Waterborne diseases on the rise
The yard and kitchen of Aparna Rani Das's house in Gagra village, on the edge of Hakaluki haor in Moulvibazar's Barlekha upazila, is submerged in knee-deep water since June 17.
Not considering the floodwater a threat, she continued her daily chores while wading through it without covering her legs.
Soon, she developed skin disease between her toes due to prolonged exposure to filthy floodwater.
Her neighbour Ananta Das also developed rashes on his legs for the same reason.
"Floodwater is everywhere and it's filthy, with a bad odour. I develop a rash whenever I walk through it," Ananta said.
Both Aparna and Ananta said no doctor or medical team has visited the village during the flood, and they have not taken any medication for the skin disease.
There has also been outbreaks of diarrhoea in all flood-affected areas in Sylhet division, and children are worst affected by the waterborne disease.
Dr Rajib Chakraborty, upazila health and family planning officer of Chhatak in Sunamganj, said, "As the flood prolongs, people are coming to hospitals with many waterborne diseases like diarrhoea and skin diseases, mostly fungal infections. Among diarrhoea patients, around 40 percent are children."
According to the civil surgeon offices, a total of 2,488 people contracted several waterborne diseases in Sylhet district till yesterday afternoon since the floods began over two weeks ago. The number is 1,411 in Moulvibazar and 1,780 in Habiganj.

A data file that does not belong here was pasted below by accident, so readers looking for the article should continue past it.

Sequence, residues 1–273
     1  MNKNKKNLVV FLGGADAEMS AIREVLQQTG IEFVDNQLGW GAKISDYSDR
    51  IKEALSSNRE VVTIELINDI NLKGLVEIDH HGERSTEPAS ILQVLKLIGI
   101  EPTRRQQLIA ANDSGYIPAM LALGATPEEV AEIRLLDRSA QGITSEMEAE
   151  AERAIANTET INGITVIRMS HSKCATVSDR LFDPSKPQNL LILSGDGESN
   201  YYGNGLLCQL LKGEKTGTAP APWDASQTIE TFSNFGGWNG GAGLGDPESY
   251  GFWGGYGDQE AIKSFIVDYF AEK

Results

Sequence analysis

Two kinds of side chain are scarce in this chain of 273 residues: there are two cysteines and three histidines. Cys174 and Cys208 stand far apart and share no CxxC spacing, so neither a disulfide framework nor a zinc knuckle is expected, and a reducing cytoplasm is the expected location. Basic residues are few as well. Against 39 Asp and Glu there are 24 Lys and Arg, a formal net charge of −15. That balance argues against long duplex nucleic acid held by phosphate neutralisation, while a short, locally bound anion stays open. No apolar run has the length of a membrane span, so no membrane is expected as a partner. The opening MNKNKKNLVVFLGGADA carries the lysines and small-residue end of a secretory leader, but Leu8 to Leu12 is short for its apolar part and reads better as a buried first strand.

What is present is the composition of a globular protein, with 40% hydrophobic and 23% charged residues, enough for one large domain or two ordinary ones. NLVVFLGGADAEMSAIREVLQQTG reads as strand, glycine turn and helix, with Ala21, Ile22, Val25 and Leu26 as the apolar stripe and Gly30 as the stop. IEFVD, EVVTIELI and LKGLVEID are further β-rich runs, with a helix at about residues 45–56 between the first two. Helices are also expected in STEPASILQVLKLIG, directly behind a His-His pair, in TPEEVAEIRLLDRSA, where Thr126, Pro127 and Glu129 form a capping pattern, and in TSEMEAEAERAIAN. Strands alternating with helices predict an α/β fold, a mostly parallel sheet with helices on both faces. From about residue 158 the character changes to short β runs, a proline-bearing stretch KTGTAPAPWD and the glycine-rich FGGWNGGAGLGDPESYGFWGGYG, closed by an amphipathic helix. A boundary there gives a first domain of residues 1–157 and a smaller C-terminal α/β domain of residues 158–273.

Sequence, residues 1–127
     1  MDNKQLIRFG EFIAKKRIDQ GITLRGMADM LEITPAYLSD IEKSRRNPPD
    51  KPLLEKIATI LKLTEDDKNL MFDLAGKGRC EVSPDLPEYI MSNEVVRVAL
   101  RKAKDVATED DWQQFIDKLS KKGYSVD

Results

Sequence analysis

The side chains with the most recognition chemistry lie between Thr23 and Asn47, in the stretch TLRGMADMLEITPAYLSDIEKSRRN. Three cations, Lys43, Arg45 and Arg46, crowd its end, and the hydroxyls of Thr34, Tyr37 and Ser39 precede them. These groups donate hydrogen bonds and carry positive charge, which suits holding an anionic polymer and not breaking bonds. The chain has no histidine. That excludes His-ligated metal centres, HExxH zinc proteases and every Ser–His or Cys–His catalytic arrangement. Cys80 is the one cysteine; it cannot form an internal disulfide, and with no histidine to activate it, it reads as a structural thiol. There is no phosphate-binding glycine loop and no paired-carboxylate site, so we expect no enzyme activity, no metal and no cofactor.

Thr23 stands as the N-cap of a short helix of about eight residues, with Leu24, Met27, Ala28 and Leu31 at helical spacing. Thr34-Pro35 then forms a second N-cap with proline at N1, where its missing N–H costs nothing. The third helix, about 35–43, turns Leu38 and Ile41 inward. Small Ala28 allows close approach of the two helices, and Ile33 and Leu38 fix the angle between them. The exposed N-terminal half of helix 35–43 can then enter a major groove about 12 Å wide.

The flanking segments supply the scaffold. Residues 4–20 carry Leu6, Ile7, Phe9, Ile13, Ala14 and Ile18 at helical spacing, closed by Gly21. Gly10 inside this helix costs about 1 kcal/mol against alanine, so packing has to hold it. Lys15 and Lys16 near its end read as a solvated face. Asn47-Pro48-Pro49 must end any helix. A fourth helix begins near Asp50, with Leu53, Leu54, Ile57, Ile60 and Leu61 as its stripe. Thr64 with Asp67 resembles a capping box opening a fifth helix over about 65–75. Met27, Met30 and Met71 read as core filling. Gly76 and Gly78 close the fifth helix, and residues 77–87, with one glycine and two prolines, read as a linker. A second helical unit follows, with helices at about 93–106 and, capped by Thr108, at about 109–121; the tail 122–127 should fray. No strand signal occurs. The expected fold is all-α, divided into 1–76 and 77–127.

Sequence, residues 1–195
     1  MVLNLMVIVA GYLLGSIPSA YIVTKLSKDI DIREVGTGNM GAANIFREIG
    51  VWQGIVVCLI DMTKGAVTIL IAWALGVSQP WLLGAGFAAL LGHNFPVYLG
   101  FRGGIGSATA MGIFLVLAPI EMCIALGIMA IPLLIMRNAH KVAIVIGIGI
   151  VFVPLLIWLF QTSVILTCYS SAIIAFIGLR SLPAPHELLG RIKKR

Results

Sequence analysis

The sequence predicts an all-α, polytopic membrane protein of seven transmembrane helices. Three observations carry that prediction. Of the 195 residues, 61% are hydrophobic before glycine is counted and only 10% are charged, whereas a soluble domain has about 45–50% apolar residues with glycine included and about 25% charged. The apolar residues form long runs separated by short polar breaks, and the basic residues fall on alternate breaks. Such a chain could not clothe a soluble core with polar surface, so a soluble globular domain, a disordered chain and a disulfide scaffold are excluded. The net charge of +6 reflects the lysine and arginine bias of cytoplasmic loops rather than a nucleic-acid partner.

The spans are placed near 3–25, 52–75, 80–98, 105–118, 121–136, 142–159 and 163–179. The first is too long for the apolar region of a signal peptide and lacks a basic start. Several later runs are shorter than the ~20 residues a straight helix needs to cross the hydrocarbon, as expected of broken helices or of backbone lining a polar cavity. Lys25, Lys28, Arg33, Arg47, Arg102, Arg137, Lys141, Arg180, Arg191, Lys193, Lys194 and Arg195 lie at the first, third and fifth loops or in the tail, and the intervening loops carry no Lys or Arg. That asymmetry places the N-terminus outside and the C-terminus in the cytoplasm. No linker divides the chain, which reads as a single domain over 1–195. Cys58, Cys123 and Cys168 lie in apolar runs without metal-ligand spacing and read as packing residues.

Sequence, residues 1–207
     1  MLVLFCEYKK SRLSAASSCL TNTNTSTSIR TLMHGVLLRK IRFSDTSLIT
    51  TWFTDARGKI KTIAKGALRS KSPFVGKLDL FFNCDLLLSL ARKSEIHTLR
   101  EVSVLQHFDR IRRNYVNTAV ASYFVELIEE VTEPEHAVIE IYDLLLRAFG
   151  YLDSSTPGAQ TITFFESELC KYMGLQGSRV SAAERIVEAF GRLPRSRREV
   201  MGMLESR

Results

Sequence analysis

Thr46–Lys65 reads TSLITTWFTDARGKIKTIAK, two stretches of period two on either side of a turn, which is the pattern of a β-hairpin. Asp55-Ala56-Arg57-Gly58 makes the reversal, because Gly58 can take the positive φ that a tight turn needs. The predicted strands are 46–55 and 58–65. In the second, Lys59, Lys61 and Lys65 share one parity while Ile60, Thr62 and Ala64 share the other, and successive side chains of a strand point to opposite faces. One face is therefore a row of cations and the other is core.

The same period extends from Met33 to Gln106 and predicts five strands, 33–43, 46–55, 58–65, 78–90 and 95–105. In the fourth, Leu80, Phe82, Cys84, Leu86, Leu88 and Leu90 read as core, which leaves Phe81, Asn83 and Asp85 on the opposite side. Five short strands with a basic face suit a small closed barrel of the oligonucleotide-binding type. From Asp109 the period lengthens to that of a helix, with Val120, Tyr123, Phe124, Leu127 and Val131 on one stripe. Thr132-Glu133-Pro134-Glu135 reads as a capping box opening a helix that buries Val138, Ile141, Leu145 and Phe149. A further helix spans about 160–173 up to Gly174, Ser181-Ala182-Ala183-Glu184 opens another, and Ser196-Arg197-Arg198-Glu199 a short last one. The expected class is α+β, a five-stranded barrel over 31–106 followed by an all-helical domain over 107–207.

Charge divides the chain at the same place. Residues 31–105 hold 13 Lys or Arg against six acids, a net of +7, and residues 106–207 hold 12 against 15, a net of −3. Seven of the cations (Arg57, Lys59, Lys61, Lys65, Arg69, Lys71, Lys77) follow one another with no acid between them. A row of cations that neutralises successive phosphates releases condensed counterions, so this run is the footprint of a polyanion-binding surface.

In Sunamganj, 6,632 people were infected with diarrhoea over the same period. Data on other diseases were not available.
According to the office of the divisional health director in Sylhet, 2,090 people were infected with diarrhoea in the seven days till Thursday. The count is 6,471 in the last 30 days. In the last seven days, 560 people contracted skin disease.
These data are mainly collected from hospitals and 429 medical teams working in flood-affected areas, but the actual scenario is likely to be worse as a majority of the affected people are not receiving treatment yet.
Dr Ahmad Shahrier, medical officer (disease control) of the Sylhet civil surgeon's office, said, "People are aware these days and mostly treating diarrhoea at home. That's why the data does not reflect the actual scenario."
Contacted, Dr Himangshu Lal Roy, director of health in Sylhet, said, "We predicted an epidemic of waterborne diseases caused by the flood, but fortunately, nothing like that is happening anywhere. Considering the possibility of an epidemic, we were prepared with sufficient medicine from the government and the generous support of UN agencies and NGOs.
"In 41 affected upazilas, we have deployed dedicated medical teams and in areas where flooding is particularly bad, mobile medical teams moving door to door. So far, we are happy that people's awareness about diarrhoea is helping to fight the outbreak. The coordination of all government offices is also helpful in sharing information of any possible outbreak."
A total of 45 people died in the floods in the division. Drowning, snake bites, waterborne diseases, etc. are considered among the reasons for the deaths.
There were 18 deaths in Sylhet, 17 in Sunamganj and five each in Moulvibazar and Habiganj districts, according to respective civil surgeon offices.